Brandee Younger
Brandee Younger at SFJAZZ | Credit: Jack Brown

There’s a lively debate in jazz circles over the usefulness, propriety, and creative efficacy of tribute concerts for departed masters. With so much interesting new music available to play, one part of the argument goes, why feed audiences familiar fare?

The question answers itself, as a performance pegged to a beloved star is often much easier to publicize than a concert featuring music of recent vintage. Yet the charge that tribute events sell audiences short while taking up space better served by a focus on original works rings true all too frequently.

That said, harpist Brandee Younger’s celebration of Alice Coltrane (1937–2007) last weekend at the SFJAZZ Center met and overcame just about any possible objection. Saturday night’s Miner Auditorium performance — the third concert in Younger’s four-night run as an SFJAZZ resident artistic director, which opened with two nights of original hip-hop-inflected music — was a triumph on every level.

The band for SFJAZZ’s tribute to Alice Coltrane | Credit: Jack Brown

Backed by a superlative rhythm section, including bassist Rashaan Carter and drummer Makaya McCraven, Younger brought an array of Coltrane’s music to vivid life, from rarely heard devotional pieces to her “greatest hits” from classic early 1970s albums like Journey in Satchidananda. With a six-piece string section (two violin, two violas, and two cellos) conducted by De’Sean Jones and Younger’s rhythmically assured harp work, the arrangements captured the ecstatic and sometimes playful nature of Coltrane’s music.

Younger opened the concert with “Rama Rama,” a devotional piece Coltrane wrote for worship at the ashram she founded in the Santa Monica Mountains. With special guests Nicole Mitchell on flute, Ravi Coltrane on tenor and soprano sax, and Marc Cary on piano and keyboards, the music attained full celestial orbit on “Affinity” (from the 1978 double live album Transfiguration).

Alice Coltrane
Alice Coltrane in 1972

Alice Coltrane tended to write simple melodies that gain momentum via incantatory repetition. Rather than weighing down the music, each additional instrumental voice on Saturday added buoyancy and power. Mitchell was particularly arresting on the title track from Journey in Satchidananda. Switching to alto flute, she distilled the arc of an internal sojourn within two gleaming minutes.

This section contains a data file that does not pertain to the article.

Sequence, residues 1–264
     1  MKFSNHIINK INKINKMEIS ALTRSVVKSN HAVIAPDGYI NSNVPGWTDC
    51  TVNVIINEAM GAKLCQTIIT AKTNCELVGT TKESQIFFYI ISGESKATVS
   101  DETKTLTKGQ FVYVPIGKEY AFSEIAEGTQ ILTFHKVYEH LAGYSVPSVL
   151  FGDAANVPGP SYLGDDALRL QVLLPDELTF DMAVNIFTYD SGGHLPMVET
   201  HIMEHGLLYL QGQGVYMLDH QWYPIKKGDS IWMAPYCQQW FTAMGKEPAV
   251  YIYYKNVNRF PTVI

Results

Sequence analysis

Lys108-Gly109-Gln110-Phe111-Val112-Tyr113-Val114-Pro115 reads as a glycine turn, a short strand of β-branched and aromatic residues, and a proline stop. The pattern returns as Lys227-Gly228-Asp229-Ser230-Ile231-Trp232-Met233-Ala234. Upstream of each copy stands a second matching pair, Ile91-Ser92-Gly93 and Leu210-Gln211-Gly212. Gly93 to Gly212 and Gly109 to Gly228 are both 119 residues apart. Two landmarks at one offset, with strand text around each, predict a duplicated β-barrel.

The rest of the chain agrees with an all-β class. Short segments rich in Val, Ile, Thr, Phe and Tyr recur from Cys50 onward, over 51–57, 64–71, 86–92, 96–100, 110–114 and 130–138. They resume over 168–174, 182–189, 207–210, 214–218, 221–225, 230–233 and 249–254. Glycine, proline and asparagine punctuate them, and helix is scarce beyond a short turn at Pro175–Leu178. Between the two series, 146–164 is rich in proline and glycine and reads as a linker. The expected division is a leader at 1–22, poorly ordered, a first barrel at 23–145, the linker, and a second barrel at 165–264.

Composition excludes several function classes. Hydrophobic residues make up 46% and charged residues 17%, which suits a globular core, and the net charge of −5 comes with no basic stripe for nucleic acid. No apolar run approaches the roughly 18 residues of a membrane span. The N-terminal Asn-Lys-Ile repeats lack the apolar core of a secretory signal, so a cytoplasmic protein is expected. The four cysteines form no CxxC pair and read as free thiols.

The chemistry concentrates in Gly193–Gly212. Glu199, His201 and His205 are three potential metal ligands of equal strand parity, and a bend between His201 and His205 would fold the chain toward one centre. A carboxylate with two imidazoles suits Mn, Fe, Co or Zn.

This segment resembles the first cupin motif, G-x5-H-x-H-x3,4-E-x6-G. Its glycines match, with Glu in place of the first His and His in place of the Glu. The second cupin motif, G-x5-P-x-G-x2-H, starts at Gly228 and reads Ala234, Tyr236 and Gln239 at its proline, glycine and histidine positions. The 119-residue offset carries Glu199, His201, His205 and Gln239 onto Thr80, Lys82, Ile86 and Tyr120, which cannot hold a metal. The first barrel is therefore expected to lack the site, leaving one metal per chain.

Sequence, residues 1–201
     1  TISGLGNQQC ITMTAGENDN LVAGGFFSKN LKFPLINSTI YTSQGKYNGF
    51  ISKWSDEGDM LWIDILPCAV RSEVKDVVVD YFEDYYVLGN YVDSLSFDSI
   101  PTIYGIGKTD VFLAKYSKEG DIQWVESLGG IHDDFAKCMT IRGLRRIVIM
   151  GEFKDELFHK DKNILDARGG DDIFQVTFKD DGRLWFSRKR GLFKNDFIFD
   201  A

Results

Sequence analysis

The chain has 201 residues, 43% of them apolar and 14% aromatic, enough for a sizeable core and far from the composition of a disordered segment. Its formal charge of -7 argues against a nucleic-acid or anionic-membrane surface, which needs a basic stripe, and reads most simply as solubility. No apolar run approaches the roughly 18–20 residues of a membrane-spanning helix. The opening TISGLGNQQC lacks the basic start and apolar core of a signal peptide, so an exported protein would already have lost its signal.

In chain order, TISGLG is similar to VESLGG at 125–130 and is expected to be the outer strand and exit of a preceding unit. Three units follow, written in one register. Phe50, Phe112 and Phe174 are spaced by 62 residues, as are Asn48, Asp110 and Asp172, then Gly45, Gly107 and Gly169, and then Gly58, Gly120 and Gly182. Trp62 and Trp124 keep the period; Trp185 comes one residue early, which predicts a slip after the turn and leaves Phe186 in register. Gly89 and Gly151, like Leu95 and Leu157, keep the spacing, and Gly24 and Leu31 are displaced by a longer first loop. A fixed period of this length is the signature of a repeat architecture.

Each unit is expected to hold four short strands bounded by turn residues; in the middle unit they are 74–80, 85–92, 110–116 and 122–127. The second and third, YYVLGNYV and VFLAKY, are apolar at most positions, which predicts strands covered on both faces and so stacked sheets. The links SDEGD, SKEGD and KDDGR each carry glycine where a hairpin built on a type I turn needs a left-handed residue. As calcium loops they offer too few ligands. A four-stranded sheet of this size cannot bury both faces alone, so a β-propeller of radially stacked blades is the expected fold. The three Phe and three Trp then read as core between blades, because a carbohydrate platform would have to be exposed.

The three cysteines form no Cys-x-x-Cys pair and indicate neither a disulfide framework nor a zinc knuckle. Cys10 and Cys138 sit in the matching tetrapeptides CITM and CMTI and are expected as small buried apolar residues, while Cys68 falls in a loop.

Mitchell actually shared a double bill with Younger at SFJAZZ back in 2022, when the flutist and her Black Earth Sway project stepped in as a replacement for British saxophonist Nubya Garcia. Mitchell should be playing her own music here on the regular.

The son of Alice and saxophone legend John Coltrane, Ravi’s presence gave physical manifestation to the Coltrane family’s support for Younger’s project, which is part of a much larger campaign celebrating Alice’s legacy. (Oakland harpist Destiny Muhammad has been championing Alice Coltrane’s music in the Bay Area for some two decades).

The John and Alice Coltrane Home and the Coltrane family is working with a number of festivals and organizations to turn 2024–2025 into a yearlong showcase, including reissues of Alice’s albums and newly released music never before distributed.

The Bay Area is a center of activity, with Ravi Coltrane returning to SFJAZZ at the end of the month for a residency that includes two nights of his parents’ music, March 30–31. And next season, Alonzo King LINES Ballet will present two world premieres, one set to the album Journey in Satchidananda and the other to a new work by Ravi, inspired by his mother.

Younger closed the concert with a funk-driven version of “Los Caballos,” a tune from Alice Coltrane’s 1976 album Eternity (it’s a piece that Ravi often uses as an encore for his “Cosmic Music” performances). With Carter on electric bass and Cary on keyboards, the piece galloped into eternity.

For an encore Younger played a lovely solo version of “If It’s Magic,” a performance that seemed to point backward to the music she’d just played, answering Stevie Wonder’s plea with a resounding affirmative. Alice Coltrane’s music is everlasting like the galaxies in time.